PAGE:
You can move between Central Asia’s highlights with your bicycle on a bus, train, plane, taxi or even by hitching a lift from passing truck drivers.
- By Bus
Expect to pay a small extra fee. Be prepared to turn the handlebars to make the bike fit in the luggage space. On some routes, like between Almaty and Bishkek, minibuses with little to no storage area are the main form of transport and it can be hard to find a full-size bus that will take you and your luggage. If you’re heading to the airport, allow plenty of time for breakdowns!
- By Taxi
A private taxi is very convenient and the most comfortable way to travel. Rates can surprisingly reasonable. We paid $90 U.S. for a 4-hour drive between Bishkek and Almaty. In a regular car, our bikes and luggage filled the space. If you find a driver with a station wagon, you might cut the fare by agreeing to let him pick up additional passengers.
- By Train
Trains aren’t fast but they are an option in Turkmenistan, Uzbekistan and Kazakhstan. Many cyclists use the train to cross Turkmenistan in the short time allowed on a transit visa and also in Kazakhstan to avoid large areas of steppe.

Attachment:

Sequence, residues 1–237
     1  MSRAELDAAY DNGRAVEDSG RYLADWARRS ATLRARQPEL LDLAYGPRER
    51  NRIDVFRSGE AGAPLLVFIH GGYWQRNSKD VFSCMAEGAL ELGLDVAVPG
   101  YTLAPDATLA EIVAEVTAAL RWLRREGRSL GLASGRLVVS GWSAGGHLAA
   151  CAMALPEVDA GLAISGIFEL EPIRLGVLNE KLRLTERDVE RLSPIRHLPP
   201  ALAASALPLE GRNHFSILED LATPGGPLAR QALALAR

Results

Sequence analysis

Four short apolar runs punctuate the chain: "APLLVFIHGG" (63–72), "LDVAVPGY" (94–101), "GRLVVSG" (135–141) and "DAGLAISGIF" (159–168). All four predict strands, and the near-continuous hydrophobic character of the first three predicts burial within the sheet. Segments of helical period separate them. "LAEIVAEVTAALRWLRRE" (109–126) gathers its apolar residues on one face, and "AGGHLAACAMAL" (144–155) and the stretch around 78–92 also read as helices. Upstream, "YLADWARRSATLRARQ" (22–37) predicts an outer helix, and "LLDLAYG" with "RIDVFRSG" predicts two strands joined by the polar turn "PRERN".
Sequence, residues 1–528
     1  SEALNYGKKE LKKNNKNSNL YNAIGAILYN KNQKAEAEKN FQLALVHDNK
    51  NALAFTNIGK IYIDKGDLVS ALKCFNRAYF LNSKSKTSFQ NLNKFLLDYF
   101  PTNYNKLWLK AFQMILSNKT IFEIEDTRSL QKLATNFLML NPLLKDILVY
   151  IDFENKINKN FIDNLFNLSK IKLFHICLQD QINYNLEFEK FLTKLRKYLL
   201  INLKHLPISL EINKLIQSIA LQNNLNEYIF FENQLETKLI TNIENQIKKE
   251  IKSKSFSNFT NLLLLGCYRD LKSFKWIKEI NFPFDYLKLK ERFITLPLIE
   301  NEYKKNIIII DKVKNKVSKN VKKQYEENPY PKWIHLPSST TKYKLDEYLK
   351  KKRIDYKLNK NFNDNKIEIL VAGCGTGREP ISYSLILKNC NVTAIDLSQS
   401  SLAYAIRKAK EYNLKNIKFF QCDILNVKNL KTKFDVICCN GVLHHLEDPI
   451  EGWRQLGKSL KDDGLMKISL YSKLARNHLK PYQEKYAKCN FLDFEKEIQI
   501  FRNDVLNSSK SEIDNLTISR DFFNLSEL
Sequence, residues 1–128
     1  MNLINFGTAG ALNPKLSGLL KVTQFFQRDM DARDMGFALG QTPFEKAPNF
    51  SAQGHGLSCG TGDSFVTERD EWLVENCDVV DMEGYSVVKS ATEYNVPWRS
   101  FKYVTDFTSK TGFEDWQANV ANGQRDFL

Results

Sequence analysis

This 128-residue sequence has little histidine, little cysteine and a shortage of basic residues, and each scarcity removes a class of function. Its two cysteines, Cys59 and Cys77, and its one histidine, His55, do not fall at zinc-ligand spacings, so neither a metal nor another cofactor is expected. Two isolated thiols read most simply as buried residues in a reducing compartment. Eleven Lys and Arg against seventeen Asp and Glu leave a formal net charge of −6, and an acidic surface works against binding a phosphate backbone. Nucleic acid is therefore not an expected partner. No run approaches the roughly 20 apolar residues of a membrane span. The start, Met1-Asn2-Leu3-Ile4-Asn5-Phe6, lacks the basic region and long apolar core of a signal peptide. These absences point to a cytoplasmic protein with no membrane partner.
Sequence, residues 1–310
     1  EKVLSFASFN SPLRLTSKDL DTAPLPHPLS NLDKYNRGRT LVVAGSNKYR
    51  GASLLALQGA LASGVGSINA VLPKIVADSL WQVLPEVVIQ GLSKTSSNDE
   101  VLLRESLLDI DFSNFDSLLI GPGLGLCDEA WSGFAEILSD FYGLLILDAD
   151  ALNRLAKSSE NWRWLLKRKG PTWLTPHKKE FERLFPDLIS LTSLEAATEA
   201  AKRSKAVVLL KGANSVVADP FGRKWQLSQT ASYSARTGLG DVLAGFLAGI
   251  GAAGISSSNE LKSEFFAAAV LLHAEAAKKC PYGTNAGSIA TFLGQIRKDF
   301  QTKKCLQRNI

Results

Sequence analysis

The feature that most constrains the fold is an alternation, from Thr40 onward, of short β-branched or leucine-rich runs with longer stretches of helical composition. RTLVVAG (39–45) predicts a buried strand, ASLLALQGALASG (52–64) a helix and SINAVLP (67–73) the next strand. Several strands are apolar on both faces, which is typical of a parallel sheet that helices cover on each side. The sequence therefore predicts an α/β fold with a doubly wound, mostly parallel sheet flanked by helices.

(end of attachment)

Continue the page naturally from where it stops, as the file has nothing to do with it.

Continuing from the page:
- By Hitchhiking
Passing truckers are surprisingly friendly, especially if your bike has broken down and you’re in a pinch. Just asking around at a truck stop should get you a lift.
- By Plane
Many cyclists use planes to get into and around Central Asia. Make sure the airline you’re flying with has an acceptable safety record. Some local carriers are barred from flying in the EU because of below-par maintenance standards.
Bike boxes can be very hard to find. Check in markets and be prepared to pay a few dollars for a cardboard box. Ask around on chat forums to see if you’re flying out when another cyclist is arriving. If all else fails, you can usually buy packing material in the local market.
Like nearly everywhere these days, Central Asian airlines generally charge extra for bicycles. We paid 100,000 Tenge (about $80 U.S.) per bike on Kazakhstan’s Air Astana.